We read with great interest the article by Krug et al.1 In their Phase II, single-institution study, single-agent imatinib was tested in patients with recurrent small cell lung carcinoma (SCLC) whose tumor specimens expressed c-kit protein based on the presence of c-kit protein expression in SCLC tumor specimens and in the in vitro data, supporting the role of c-kit in autocrine and paracrine growth stimulation specifically in SCLC. Unfortunately, no responses were observed, and all patients had disease progression by Week 4 in their study. The authors explained the lack of activity for imatinib in the patient population by the absence of activating c-kit mutations in SCLC. We want to mention another possible explanation.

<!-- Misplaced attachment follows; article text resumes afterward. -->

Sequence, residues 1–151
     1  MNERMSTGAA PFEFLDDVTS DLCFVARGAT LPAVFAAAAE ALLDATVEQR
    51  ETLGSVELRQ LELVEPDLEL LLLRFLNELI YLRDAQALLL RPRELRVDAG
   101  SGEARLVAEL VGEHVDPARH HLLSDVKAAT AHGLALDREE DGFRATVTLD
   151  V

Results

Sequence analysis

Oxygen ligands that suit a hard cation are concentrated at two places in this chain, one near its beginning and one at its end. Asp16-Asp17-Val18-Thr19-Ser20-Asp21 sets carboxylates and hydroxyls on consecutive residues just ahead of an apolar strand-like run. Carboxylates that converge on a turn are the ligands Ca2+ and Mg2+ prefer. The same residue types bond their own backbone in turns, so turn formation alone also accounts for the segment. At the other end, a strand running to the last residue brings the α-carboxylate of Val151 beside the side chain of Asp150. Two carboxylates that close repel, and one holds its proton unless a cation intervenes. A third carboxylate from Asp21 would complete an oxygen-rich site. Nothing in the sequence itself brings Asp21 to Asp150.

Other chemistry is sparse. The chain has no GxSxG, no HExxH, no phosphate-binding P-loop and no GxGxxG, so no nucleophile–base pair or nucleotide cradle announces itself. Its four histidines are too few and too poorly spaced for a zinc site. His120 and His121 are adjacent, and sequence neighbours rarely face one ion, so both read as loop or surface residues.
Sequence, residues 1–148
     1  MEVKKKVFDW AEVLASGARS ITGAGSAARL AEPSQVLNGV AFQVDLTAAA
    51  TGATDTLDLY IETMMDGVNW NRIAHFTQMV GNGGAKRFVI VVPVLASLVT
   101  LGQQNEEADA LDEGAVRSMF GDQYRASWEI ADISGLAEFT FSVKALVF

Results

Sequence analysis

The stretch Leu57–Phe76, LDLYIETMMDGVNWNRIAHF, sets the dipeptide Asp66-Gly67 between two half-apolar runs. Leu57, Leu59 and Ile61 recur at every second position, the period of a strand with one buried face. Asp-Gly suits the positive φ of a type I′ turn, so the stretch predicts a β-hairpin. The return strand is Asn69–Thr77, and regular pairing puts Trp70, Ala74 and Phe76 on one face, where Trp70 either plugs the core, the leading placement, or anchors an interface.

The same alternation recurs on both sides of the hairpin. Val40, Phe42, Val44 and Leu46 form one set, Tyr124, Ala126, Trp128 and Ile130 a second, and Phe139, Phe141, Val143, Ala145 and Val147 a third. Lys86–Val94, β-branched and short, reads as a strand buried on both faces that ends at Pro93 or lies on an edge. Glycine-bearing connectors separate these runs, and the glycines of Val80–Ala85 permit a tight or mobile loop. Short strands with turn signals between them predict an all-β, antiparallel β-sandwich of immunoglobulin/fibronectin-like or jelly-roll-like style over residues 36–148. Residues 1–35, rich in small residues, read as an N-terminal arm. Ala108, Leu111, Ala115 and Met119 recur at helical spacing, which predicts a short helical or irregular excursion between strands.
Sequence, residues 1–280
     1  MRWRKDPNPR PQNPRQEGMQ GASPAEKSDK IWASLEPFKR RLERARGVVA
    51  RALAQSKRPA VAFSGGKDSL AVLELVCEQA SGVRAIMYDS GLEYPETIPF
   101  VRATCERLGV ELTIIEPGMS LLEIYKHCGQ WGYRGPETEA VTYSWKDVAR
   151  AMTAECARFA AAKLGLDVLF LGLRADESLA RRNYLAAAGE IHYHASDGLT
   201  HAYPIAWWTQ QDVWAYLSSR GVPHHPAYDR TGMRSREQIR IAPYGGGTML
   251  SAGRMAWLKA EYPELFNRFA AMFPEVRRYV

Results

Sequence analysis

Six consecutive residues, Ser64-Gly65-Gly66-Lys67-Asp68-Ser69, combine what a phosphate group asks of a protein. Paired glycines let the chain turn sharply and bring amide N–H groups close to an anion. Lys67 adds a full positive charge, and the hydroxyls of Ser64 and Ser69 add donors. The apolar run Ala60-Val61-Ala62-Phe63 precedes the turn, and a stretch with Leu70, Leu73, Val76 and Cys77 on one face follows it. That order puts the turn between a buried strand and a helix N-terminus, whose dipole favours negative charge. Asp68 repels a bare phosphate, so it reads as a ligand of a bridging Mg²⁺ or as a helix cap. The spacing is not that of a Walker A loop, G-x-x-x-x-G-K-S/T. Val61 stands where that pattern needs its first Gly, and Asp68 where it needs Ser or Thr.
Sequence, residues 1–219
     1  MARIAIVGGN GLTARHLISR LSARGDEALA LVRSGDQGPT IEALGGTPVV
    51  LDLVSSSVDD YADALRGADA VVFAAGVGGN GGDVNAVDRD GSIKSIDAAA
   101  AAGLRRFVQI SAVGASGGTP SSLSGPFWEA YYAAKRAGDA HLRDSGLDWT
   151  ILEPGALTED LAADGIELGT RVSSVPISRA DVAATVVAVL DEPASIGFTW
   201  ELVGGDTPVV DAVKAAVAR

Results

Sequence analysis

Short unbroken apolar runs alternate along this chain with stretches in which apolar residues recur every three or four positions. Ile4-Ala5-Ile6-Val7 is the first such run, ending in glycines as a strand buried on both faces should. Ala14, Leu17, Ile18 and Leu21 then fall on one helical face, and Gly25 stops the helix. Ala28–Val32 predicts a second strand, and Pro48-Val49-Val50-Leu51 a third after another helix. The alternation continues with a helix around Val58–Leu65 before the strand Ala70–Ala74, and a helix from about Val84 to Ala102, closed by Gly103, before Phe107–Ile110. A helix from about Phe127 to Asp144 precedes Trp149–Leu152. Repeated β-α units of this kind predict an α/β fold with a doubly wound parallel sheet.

In their study, despite the fact that imatinib was used in patients with recurrent SCLC, c-kit status was evaluated in primary tumors. The tumor cells are changing constantly and continue to mutate at a rapid rate during progression of the disease.2 In addition, chemotherapy that was initiated up-front for these patients also may have changed the signal-transduction pathways associated with tumor growth. All of these factors may cause a discrepancy in c-kit status between primary and metastatic SCLC in the same patient that may explain further the lack of activity for imatinib in this patient population.